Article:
Gender Identity and Dysphoria

What about gender identity?

Gender identity is defined as one’s innermost concept of oneself as male, female, transgender or blends of both or neither sex. It relies on how individuals perceive themselves.

The term gender identity itself conflates sex and gender. It may be an internal identity or feeling of identification with the roles, activities, values and behaviors attributed to and deemed appropriate for women or men, or biological sex. For some, it is considered independent from both biological sex and gendered socialization.

The American Psychological Association notes that when one’s gender identity and biological sex are not congruent, i.e. dysphoric, the individual may identify and transsexual or transgender and seek transition to the opposite sex.

Ex) transgender women feel that they are female, some identify with and present femininity, some seek surgery to conform to ideas of what women look like

In summary, gender identity relies on internal identity rather than external reality and may involve attempts to change external reality to fit one’s internal identity.

What is gender dysphoria?

Gender Dysphoria, previously Gender Identity Disorder in Adolescents or Adults from DSM-V

  1. A marked incongruence between one’s experienced/expressed gender and assigned gender, of at least 6 months duration, as manifested by at least two of the following:
    1. a marked incongruence between one’s experienced/expressed gender and primary and/or secondary sex characteristics (or, in young adolescents, the anticipated secondary sex characteristics)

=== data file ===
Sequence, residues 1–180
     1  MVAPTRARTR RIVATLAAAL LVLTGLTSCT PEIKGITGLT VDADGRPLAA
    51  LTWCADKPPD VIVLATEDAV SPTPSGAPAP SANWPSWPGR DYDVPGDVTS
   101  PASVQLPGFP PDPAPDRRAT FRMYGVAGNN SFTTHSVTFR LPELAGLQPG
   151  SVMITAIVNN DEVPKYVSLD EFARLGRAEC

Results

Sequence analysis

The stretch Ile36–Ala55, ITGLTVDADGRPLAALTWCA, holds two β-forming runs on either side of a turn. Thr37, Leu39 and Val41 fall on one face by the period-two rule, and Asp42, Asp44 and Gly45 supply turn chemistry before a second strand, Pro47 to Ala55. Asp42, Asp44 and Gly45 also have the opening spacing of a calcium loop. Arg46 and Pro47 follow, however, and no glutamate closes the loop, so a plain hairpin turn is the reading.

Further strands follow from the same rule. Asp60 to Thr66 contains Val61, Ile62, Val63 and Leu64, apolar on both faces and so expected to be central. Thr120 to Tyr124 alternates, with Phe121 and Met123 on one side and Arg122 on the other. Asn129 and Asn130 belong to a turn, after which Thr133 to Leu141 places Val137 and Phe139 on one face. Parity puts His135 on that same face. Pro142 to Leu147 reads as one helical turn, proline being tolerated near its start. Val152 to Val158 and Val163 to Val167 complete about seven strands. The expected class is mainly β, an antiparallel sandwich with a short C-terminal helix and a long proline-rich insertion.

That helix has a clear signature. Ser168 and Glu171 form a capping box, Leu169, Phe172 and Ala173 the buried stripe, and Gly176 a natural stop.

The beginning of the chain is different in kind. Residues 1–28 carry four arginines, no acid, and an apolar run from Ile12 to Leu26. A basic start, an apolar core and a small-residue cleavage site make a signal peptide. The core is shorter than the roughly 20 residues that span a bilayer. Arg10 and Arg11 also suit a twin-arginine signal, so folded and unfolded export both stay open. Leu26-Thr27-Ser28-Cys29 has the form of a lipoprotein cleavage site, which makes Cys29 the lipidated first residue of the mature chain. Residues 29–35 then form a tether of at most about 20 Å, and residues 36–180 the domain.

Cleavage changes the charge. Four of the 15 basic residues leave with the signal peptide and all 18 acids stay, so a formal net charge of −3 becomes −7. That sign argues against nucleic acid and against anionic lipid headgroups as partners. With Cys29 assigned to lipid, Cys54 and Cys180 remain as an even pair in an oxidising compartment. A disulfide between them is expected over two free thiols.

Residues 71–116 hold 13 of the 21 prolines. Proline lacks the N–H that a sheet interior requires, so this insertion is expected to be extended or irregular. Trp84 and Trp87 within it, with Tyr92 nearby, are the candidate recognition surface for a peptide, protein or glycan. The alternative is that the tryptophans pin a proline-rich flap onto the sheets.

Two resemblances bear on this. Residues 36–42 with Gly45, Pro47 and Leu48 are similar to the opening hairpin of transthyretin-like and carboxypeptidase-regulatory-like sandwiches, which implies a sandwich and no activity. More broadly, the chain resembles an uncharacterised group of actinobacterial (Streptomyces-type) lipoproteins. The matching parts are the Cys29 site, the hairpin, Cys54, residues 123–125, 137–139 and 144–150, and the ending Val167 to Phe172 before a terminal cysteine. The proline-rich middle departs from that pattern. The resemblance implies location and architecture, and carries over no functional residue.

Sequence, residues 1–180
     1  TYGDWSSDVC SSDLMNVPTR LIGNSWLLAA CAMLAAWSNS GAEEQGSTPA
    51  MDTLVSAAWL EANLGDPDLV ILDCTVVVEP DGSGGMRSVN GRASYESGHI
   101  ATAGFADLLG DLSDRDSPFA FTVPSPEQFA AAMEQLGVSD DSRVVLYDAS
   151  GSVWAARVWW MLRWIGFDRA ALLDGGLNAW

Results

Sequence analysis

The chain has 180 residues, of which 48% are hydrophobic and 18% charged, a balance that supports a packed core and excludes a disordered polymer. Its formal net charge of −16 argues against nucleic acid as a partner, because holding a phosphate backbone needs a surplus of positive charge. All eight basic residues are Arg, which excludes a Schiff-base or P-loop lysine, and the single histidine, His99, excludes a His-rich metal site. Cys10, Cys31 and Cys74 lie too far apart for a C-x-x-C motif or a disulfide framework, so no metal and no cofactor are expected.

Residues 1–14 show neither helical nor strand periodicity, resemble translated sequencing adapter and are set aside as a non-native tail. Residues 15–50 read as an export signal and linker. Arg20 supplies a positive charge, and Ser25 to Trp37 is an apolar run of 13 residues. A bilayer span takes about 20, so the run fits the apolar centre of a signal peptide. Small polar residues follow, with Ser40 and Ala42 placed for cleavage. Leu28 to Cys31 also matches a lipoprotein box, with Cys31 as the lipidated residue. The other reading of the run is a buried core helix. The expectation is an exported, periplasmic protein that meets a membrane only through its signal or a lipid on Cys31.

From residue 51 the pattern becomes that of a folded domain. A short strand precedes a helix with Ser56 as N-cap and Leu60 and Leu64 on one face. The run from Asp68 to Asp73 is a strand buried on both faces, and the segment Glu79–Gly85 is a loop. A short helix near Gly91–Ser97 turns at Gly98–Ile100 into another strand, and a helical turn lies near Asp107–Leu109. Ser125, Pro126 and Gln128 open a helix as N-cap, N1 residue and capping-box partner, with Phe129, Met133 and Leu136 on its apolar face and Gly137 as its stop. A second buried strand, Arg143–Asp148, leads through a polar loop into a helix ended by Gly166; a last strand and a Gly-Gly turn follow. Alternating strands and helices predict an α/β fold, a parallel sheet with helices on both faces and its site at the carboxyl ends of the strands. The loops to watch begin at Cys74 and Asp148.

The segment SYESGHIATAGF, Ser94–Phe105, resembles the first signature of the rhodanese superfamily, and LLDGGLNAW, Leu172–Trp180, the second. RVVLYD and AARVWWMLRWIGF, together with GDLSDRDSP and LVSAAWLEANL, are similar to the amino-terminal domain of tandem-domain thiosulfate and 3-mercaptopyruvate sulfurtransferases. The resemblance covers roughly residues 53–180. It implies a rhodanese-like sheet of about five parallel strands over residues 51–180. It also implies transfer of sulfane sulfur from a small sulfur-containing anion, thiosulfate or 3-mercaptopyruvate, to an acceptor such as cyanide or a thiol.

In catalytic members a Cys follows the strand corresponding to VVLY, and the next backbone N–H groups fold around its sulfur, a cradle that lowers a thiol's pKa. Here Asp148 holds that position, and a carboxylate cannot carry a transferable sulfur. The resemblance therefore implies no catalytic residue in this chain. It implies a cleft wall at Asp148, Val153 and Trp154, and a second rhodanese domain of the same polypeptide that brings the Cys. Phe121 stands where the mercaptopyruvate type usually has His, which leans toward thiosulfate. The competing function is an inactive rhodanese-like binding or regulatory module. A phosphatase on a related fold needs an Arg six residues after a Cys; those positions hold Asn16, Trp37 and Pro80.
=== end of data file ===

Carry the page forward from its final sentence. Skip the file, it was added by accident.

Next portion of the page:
2. a strong desire to be rid of one’s primary and/or secondary sex characteristics because of a marked incongruence with one’s experienced/expressed gender (or, in young adolescents, a desire to prevent the development of the anticipated secondary sex characteristics)
    3. a strong desire for the primary and/or secondary sex characteristics of the other gender
    4. a strong desire to be of the other gender (or some alternative gender different from one’s assigned gender)
    5. a strong desire to be treated as the other gender (or some alternative gender different from one’s assigned gender)
    6. a strong conviction that one has the typical feelings and reactions of the other gender (or some alternative gender different from one’s assigned gender)
  2. The condition is associated with clinically significant distress or impairment in social, occupational or other important areas of functioning.

Gender dysphoria is both a symptom of and the new term for gender identity disorder. It results from the perceived “incongruence with one’s experienced/expressed gender.”

Sex dysphoria is commonly used in the community to distinguish issues revolving around the body rather than gender. Terms may include primary sex dysphoria, that is dysphoria relating to primary sex characteristics, and secondary sex dysphoria, that is dysphoria relating to secondary sex characteristics. In addition, sex dysphoria may relate to distress around what is physically present or misbelief around what is not.


References

http://www.hrc.org/resources/entry/sexual-orientation-and-gender-identity-terminology-and-definitions

http://geneq.berkeley.edu/lgbt_resources_definiton_of_terms

https://www.apa.org/pi/lgbt/resources/sexuality-definitions.pdf

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